By Dr. Carolyn Bradner Jasik, MD, Chief Medical Officer
Diabetes should be at the top of every employer’s priority list.
But navigating the complex world of diabetes management solutions can be challenging, and employers need to ask tough questions in order to determine which offerings are right for their workers.
More specifically, when assessing tools like a glucose monitoring device, employers need to think about whether it meets clinical best practices and lowers the cost of care. It also is important for employers to understand whether adding a device that allows employees to self monitor their blood glucose supports the treatment plan.
Evidence suggests that lifestyle changes like weight loss, adherence to medication, receipt of preventive care and self-monitoring of blood glucose can positively impact diabetes outcomes. These are all topics covered in diabetes self-management education and support (DSMES), an ongoing plan for diabetes care and a covered benefit under most health plans.
DSMES is provided to patients in a group or individual format and staffed by a single educator who works longitudinally with a patient. DSMES is shown to improve hemoglobin A1c (HbA1c), the primary metric used to monitor diabetes, by as much as 1% in people with Type 2 diabetes. The great thing about DSMES, and working with the same educator over time, is that the lessons are tailored for the needs of the individual patient.
It’s also important to remember that not all patients need all services. For example, home glucose monitoring is not always clinically impactful or cost effective.
There is good evidence that checking blood sugar for those with Type 1 or Type 2 diabetes on insulin or certain oral medications is important. But for the majority of patients with Type 2 diabetes, those not on insulin, the evidence is inconclusive at best. The American Diabetes Association does not recommend self monitoring of blood glucose for those with Type 2 diabetes on oral medications unless the provider prescribes it. This is a practice also supported by the Centers for Medicare and Medicaid Services for Medicare beneficiaries.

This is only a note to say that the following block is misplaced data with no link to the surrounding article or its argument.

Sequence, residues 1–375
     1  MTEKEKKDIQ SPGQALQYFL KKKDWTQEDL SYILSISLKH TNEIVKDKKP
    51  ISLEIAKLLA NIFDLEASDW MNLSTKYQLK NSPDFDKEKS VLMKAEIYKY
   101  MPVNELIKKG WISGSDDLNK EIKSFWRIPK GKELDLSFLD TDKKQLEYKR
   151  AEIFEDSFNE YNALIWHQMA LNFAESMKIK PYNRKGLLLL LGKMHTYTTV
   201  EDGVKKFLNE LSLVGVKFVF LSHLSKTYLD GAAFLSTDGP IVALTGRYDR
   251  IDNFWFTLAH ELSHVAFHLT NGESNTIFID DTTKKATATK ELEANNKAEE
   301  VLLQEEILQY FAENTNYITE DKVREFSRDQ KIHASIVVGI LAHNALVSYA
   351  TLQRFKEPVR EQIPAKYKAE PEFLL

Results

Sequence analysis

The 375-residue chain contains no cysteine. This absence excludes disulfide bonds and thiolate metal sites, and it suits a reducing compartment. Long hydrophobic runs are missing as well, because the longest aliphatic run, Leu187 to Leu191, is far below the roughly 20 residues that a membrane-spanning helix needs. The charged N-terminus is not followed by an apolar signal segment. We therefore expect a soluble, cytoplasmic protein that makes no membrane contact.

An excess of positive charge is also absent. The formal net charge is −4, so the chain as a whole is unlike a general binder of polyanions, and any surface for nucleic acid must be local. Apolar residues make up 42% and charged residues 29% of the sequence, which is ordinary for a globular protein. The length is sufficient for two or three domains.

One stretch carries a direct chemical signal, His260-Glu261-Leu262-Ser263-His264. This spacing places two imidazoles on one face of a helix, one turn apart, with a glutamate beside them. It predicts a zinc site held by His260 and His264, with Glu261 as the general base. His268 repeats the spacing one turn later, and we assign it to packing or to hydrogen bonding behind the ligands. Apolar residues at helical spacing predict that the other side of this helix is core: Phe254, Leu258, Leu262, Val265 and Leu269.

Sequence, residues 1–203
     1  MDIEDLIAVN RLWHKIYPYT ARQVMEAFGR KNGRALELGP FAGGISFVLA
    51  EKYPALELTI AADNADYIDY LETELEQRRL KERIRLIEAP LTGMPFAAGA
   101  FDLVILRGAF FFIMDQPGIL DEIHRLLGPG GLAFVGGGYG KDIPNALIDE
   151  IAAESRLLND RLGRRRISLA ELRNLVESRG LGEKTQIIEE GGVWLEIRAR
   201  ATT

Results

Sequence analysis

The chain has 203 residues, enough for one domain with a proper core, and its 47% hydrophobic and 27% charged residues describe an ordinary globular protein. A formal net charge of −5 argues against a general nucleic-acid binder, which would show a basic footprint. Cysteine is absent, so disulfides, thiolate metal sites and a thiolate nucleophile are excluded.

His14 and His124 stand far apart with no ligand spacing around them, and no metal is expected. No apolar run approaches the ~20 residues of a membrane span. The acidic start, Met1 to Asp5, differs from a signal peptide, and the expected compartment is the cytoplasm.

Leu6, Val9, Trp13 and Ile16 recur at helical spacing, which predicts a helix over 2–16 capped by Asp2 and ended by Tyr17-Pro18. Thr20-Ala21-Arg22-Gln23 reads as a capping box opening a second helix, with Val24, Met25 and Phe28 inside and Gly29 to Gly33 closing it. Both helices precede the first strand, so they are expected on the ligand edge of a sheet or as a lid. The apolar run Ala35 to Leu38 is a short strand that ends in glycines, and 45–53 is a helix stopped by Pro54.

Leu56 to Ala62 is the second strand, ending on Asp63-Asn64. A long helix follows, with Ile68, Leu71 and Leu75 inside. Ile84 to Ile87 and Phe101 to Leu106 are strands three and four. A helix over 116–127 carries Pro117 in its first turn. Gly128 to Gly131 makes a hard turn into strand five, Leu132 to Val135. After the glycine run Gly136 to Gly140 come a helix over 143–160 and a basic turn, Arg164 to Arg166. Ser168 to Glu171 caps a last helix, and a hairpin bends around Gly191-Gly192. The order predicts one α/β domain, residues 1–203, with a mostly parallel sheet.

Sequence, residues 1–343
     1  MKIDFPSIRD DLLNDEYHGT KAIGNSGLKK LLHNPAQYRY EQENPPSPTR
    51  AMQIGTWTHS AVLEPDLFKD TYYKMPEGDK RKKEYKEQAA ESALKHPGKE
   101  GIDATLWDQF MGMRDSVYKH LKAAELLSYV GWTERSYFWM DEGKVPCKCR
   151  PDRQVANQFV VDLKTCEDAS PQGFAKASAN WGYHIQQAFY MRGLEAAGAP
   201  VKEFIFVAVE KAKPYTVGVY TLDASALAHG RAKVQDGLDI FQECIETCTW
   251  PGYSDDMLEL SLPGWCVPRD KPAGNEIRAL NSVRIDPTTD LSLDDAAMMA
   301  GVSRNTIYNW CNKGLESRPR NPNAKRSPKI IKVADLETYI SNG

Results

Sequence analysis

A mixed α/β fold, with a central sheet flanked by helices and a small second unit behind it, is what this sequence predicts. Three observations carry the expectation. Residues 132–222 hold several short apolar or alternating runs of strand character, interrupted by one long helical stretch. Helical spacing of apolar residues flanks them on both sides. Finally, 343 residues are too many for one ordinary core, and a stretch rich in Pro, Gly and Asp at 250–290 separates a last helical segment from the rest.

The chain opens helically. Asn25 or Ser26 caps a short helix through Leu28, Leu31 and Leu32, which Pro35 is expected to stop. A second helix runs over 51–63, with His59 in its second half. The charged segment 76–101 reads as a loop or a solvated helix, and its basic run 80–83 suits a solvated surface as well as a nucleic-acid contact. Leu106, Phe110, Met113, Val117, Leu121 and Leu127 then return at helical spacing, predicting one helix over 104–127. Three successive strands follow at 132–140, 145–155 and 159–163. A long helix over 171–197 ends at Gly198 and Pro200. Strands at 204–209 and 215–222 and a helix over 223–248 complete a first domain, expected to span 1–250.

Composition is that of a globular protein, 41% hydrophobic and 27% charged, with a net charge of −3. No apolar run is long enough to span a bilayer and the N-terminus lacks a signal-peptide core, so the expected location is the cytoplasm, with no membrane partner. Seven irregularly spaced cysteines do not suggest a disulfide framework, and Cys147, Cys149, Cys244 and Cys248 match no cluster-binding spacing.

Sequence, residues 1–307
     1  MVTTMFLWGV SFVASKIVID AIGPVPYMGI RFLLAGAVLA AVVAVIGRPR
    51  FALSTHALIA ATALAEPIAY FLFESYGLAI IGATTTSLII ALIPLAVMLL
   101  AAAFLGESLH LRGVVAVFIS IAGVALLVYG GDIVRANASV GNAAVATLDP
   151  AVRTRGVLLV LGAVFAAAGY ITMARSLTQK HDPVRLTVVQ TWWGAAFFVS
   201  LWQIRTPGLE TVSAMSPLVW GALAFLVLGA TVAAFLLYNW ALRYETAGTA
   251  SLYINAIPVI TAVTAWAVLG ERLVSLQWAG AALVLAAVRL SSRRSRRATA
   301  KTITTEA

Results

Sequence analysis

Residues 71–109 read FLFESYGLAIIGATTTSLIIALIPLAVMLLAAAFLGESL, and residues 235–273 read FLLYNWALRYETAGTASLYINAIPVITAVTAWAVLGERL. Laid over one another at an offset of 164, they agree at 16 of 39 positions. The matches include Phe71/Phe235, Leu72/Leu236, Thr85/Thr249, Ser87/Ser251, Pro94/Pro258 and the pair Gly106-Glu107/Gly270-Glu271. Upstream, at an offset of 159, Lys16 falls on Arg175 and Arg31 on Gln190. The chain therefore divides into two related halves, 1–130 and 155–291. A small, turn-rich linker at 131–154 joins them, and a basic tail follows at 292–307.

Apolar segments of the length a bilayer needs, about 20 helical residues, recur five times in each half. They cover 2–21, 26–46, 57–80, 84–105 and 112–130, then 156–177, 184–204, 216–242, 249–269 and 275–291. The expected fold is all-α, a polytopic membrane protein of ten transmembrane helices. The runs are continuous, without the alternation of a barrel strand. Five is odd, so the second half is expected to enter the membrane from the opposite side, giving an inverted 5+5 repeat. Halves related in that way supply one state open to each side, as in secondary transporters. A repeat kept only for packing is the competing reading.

Whether or not a diabetes patient should be engaging in self-monitoring is a decision between patients and their physician. First, an employee’s care team may decide to focus on lifestyle change or preventing complications instead of glucose monitoring. If monitoring is needed, an individual may already have a preferred device and you as an employer may have an existing relationship with a specific vendor.
For many patients with diabetes, especially those with Type 1 diabetes, use of a continuous glucose monitor has become standard of care. Blood glucose meters, or finger-stick meters, are cumbersome for patients who check multiple times a day.
Patients become comfortable with a specific monitoring approach over time and often prefer to continue with the device that they are used to. Your health plan may also have a preference for which type of monitoring should be recommended. Most importantly, the doctor may also have a preference. Many providers are now leveraging data integrations with specific glucose meters to facilitate more comprehensive care. A personalized approach to diabetes care needs to include flexibility around monitoring devices.
Many companies rely on artificial intelligence-based outreach to promote behavior change instead of investing in personalized coaching. This investment misdirects resources towards devices and flashy data platforms, as opposed to proven behavior change techniques. Behavior change requires a longitudinal individual coach and group support to set goals and provide accountability. These services can be enhanced with technology, but it should never replace people.
So why don’t more employers take a personalized approach to diabetes care? One possibility is that it’s cheaper and easier to scale an intervention that doesn’t change with the participant. If you’re charging based on devices and strips dispensed, there is no incentive to personalize. But as the market matures, more employers will demand that program costs are linked directly to clinical outcomes and participant engagement.
Given the central need for behavior change in diabetes, a device-forward approach means thoughtfully incorporating devices when they support behavior change, impact outcomes and reduce costs. Placing technology ahead of the needs of patients is perpetuating the same issues that plague healthcare today — misaligned incentives that drive the overuse of unneeded or unproven therapies.
This piece originally appeared in Employee Benefits News.